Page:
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Agenda, decisions and minutes

Venue: Committee Room 2

Contact: Timothy Andrew 

Items
No. Item

1.

Minutes of the meeting held on 1 October 2014 pdf icon PDF 40 KB

Decision:

Resolved: to agree the minute of the meeting held on 1 October 2014 as an accurate record.

Minutes:

Resolved: to agree the minute of the meeting held on 1 October 2014 as an accurate record.

2.

Declarations of interest pdf icon PDF 26 KB

Minutes:

Councillor Wise declared a non-prejudicial interest as a member of the board of Lewisham Homes.

Councillor Bell declared a non-prejudicial interest as a member of the board of Lewisham Homes.

3.

Brockley PFI mid year review pdf icon PDF 59 KB

Additional documents:

Decision:

Resolved: to note the report and to request additional information about – the number of leaseholders with outstanding debts.

Minutes:

3.1      Steve Bonvini (Operations Director, Regenter B3) introduced the report. The following key points were noted:

 

  • The Brockley Private Finance Initiative (PFI) project started in 2007; it entailed the refurbishment of 1,839 properties in Brockley, of which 1,315 were currently tenanted and 524, which were leaseholder dwellings.
  • There had been a reduction in complaints so far this year compared to previous years.
  • The PFI was on course to achieve its key performance indicators for the end of the year.
  • All leaseholders had been credited with the agreed 2% settlement from the high court.
  • Income collection was on target for the year.
  • The PFI continued to offer support to residents affected by welfare reforms. This included face to face support and advice, as well as involvement in Council led events and information sessions.
  • Management action was being taken to ensure that that all calls were answered promptly.

 

3.2      In response to questions from the Committee, the following information was noted:

 

  • Further information would be provided about the number of leaseholders who still owed money.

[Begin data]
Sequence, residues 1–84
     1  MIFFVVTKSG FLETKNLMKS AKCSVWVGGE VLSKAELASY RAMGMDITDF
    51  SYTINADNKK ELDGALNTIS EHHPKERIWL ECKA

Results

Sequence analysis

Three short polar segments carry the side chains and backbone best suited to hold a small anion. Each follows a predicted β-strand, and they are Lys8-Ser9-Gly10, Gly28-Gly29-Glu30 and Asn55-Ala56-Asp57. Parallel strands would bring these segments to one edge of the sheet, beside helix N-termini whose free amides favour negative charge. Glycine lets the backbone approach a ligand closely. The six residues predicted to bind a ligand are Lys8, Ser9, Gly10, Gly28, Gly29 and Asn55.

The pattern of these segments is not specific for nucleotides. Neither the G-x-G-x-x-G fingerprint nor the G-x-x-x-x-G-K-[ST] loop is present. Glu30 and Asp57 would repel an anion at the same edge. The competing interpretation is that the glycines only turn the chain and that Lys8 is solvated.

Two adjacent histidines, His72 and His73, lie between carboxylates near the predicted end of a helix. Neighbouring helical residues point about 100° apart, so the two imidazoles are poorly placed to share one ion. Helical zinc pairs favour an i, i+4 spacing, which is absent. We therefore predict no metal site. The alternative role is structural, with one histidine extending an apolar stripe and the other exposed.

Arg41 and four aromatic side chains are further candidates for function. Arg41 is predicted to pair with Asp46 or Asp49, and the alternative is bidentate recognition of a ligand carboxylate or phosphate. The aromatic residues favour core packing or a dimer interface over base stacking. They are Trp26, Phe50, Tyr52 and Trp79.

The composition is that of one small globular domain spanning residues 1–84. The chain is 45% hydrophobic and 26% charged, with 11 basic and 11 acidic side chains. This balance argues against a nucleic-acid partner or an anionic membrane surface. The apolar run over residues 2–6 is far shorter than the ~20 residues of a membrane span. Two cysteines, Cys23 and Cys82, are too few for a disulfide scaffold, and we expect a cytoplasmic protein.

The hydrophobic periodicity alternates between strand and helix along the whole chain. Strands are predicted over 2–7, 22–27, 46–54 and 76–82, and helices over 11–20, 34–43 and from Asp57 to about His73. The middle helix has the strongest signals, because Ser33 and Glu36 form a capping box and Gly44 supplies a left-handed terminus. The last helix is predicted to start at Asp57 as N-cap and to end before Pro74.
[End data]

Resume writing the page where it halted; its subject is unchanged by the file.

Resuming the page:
• There were 6 active tenant and resident associations.
  • There had been three evictions in the current financial year.
  • Consultation was being carried out with residents on the implementation of controlled parking schemes.
  • In controlled parking zones, each household was eligible to receive one free parking permit.
  • The PFI had a process for managing asbestos, which had been included in the appendix to the Committee report.
  • All of the asbestos that had been identified to date had been removed.
  • It was permissible to leave asbestos in place, but at present, this was not the case in any of the properties managed by the PFI.
  • Information about asbestos was provided to all households as part of the sign up process.
  • Where asbestos was identified, and left in place, it would be labelled with a hazard warning.
  • Under tenancy agreements, residents were required to inform the PFI if they intended to carry out any extensive re-decorative works.
  • Protocols were in place to protect trades people from exposure to asbestos.
  • At present, there was no evidence that there was any risk to residents of exposure to asbestos.
  • Resident satisfaction was monitored in a number of different ways. Monthly surveys were carried out by phone, which supported the annual residents survey commissioned by the Council.

 

Resolved: to note the report and to request additional information about – the number of leaseholders with outstanding debts.

 

4.

Lewisham Homes mid year review pdf icon PDF 97 KB

Additional documents:

Decision:

Resolved: to note the report and to request additional information about - the number of residents in Lewisham Homes properties still affected by the bedroom tax; further information about projected rent levels; re-letting times for voids; and a detailed response about managing asbestos.

Minutes:

4.1      Andrew Potter (Chief Executive, Lewisham Homes) introduced the report. The following key points were noted:

 

  • Lewisham Homes (LH) continued to focus on three priority areas, repairs, resident satisfaction, the new build programme.
  • Work was taking place to reduce void periods
  • Work to improve resident satisfaction was concentrated on tackling anti-social behaviour.
  • It had also been identified that, whilst satisfaction with the decent homes programme was good once work had been completed, satisfaction with decent homes work, whilst it was in progress, was low.